The judge found that, as well as failing properly to conduct a balancing exercise required by the Planning (Listed Buildings and Conservation Areas) Act 1990 with regard to preserving heritage sites, the planning inspector had also failed properly to apply relevant planning policies.
He had also failed to give adequate reasons for his decision, said the judge.
The inspector “did not at any stage in the balancing exercise accord ‘special weight’, or considerable importance to ‘the desirability of preserving the setting’ when assessing the level of harm that would be caused by the wind farm.
The judge added: “He treated the ‘harm’ to the setting and the wider benefit of the wind farm proposal as if those two factors were of equal importance.”
In fact the inspector had “downplayed the desirability of preserving the setting”.
The judge refused permission to appeal, but they can still ask the Court of Appeal direct to hear the case.
In a statement, the National Trust expressed its “delight” with the High Court ruling.
Helen Ghosh, the trust’s director-general, said: “Lyveden is a remarkable building with a very particular spirit.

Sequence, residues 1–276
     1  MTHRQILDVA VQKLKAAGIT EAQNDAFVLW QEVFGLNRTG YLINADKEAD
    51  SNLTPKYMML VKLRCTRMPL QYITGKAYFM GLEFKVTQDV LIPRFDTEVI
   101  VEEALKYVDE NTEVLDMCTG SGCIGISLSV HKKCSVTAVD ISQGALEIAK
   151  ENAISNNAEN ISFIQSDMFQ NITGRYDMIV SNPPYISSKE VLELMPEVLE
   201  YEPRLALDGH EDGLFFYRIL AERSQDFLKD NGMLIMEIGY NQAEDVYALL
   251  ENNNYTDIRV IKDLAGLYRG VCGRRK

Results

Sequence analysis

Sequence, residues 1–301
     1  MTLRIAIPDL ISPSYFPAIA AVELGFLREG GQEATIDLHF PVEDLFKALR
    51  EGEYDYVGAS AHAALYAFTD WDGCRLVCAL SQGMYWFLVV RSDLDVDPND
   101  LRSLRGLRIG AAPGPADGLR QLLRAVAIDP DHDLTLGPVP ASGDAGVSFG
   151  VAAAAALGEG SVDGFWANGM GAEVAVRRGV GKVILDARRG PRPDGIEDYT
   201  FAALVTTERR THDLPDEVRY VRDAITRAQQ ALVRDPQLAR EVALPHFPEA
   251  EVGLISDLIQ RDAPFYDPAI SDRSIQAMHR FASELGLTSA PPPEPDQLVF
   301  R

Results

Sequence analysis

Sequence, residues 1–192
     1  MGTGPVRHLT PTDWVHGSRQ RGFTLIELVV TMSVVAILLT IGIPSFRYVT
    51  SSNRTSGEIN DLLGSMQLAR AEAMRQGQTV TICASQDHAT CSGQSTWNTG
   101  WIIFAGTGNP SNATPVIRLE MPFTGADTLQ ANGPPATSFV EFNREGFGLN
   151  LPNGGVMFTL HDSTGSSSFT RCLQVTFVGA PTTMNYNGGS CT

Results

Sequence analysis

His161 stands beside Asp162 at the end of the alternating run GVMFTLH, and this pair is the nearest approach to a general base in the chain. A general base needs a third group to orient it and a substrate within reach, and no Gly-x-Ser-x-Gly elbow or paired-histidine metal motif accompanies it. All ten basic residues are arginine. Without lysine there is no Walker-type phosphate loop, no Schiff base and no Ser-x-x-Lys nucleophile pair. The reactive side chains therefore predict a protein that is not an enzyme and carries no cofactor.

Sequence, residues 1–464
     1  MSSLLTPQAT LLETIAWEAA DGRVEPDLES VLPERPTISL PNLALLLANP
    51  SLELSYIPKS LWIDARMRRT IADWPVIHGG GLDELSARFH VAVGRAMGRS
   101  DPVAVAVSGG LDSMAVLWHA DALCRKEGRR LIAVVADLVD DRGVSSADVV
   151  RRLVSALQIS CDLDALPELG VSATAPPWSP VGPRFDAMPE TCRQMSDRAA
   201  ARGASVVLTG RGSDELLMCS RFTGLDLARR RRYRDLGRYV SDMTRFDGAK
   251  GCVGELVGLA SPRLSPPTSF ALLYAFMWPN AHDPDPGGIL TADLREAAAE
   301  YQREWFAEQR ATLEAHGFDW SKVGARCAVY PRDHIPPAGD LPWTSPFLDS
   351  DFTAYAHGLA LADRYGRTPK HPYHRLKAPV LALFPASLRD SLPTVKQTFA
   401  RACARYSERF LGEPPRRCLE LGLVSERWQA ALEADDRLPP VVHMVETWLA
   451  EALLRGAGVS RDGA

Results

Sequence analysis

“We are delighted that our visitors’ experience of its beautiful setting is now one step closer to being safeguarded.
“Clearly every legal case is different, but this sets an important marker in the defence of the historic environment from inappropriate development.”
The trust describes Lyveden New Bield as one of England’s oldest garden landscapes and features an unfinished Tudor garden lodge, “steeped in Catholic symbolism”.
Work on Lyveden stopped suddenly in 1605 when its creator, Sir Thomas Tresham, an ancestor of Wiltshire’s Earl of Cardigan, died and his son became embroiled in the Gunpowder Plot. The Elizabethan moats, mounts and terracing have been restored and the orchard re-planted with period varieties.
Following the judgment, RenewableUK’s deputy chief executive, Maf Smith, said: “It would be wrong to suggest that any kind of precedent has been set on this occasion, as each wind farm application is considered on a case-by-case basis.
“The fact that this application went to the High Court shows that, at times, decisions are finely balanced and difficult to reach.
“The very same High Court judge, Mrs Justice Lang, upheld applications for two wind farms in Norfolk in January – even though campaigners against renewable energy had tried to cite heritage issues.
“So any attempt to claim that one single judgment sets an unchangeable pattern is incorrect.”
Mr Smith added: “The fact that the National Trust has installed wind turbines at five properties shows that it recognises the increasingly important role that wind energy is playing.
“Just a couple of weeks ago, Dame Helen Ghosh reiterated her support for renewables and described wind turbines as beautiful and graceful.
“Anyone who’s serious about protecting the British countryside from a damaging over-reliance on fossil fuels will want to support wind energy, as an example of practical action on climate change.”